During the early years of the Space Race, the Soviet Union and the United States had pulled off some daring feats: the first man in space, the first walks in space, the first docking between two spacecraft.
But a mission that was under way 50 years ago today was the most audacious of them all. Astronauts Frank Borman, Jim Lovell, and Bill Anders were on their way to the Moon — the first mission to our satellite world.
NASA had launched the first Apollo astronauts just a couple of months earlier. They stayed in Earth orbit. But their flight provided confidence in the Apollo mothership. At the same time, the CIA was reporting that the Soviets were planning to send a cosmonaut around the Moon before the end of the year. So the space agency decided to send Apollo 8 to lunar orbit.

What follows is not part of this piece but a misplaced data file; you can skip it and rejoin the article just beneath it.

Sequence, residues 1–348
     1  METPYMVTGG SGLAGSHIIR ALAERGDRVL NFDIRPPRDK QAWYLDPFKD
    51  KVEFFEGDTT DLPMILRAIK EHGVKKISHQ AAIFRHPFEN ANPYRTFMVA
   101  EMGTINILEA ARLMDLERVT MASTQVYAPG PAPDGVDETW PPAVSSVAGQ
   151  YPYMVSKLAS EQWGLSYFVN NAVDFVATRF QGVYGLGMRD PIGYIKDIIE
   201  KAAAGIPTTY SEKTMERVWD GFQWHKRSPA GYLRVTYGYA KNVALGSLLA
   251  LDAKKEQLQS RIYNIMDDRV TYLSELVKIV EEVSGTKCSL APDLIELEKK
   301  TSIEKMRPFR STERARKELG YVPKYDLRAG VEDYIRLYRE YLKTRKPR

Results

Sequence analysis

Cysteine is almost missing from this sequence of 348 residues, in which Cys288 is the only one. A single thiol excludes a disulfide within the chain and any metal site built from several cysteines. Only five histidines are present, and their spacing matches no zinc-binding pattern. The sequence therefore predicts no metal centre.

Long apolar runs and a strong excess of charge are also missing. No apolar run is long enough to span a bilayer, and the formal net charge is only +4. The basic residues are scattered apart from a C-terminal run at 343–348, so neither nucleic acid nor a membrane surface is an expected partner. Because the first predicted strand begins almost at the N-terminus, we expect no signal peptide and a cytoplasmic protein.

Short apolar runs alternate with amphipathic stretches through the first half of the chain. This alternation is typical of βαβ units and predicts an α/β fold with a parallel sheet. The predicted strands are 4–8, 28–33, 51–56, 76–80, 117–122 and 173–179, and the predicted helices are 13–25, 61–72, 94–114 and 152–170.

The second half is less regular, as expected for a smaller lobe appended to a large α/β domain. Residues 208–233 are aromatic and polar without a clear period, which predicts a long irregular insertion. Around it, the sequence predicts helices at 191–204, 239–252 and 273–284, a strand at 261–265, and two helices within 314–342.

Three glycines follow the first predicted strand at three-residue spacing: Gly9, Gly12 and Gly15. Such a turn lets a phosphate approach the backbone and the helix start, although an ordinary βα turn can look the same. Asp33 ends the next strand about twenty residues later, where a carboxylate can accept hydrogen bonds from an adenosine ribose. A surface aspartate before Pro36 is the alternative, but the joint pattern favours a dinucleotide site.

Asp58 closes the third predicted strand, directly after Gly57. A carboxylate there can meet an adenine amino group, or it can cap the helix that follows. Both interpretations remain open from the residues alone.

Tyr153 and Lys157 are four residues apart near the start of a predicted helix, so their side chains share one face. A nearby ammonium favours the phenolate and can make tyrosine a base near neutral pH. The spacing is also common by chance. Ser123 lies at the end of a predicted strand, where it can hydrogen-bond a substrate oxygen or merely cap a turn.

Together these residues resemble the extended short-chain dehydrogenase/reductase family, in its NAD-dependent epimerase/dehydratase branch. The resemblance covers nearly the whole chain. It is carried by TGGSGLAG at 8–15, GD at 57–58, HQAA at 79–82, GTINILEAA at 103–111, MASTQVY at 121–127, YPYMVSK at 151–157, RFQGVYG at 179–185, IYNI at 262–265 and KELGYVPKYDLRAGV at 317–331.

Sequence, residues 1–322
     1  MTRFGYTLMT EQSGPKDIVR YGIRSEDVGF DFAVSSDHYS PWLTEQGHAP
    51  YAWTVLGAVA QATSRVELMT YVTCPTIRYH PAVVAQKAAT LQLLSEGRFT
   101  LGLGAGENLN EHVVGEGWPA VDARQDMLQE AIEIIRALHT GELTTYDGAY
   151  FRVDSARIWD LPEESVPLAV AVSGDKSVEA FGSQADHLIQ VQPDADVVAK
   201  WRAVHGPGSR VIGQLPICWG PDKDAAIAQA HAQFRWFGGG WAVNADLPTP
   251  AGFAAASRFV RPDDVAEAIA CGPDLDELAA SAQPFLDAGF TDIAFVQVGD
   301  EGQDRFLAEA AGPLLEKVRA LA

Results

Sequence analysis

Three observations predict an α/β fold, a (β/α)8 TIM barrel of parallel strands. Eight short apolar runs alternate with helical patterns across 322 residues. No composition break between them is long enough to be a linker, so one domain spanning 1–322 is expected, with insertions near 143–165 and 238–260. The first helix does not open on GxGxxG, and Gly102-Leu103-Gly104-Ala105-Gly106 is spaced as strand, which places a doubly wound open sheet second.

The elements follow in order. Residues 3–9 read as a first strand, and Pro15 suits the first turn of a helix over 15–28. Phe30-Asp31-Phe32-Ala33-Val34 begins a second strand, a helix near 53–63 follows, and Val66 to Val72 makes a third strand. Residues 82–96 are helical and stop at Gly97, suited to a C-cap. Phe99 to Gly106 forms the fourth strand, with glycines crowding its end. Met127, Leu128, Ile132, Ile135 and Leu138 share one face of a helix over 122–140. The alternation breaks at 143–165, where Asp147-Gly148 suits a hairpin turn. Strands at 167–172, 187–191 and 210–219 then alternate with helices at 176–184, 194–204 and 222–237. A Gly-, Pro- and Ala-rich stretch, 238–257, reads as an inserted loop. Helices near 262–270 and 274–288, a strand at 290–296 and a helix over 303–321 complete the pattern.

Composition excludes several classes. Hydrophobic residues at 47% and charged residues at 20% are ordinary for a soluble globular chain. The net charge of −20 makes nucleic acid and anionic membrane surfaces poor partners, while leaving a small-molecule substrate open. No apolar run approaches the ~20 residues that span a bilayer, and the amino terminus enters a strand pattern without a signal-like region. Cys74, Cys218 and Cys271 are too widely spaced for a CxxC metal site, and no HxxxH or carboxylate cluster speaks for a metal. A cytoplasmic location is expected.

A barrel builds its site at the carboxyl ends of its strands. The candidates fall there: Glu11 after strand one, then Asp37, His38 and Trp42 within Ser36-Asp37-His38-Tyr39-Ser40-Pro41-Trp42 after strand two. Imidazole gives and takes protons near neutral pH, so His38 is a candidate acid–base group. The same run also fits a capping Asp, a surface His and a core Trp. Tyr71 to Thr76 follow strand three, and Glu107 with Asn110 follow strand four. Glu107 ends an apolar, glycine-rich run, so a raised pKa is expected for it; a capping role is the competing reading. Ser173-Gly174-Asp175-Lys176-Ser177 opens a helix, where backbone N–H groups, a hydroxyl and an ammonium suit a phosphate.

LOI was a rocket firing to settle the craft into orbit. It took place behind the Moon, out of contact with Earth. But everything worked perfectly — allowing the crew to enjoy a sight that no human eye had ever seen before: a close-range view of the lunar surface.
Apollo 8 orbited the Moon 10 times, highlighted by a TV broadcast on Christmas Eve. More about that tomorrow.
Script by Damond Benningfield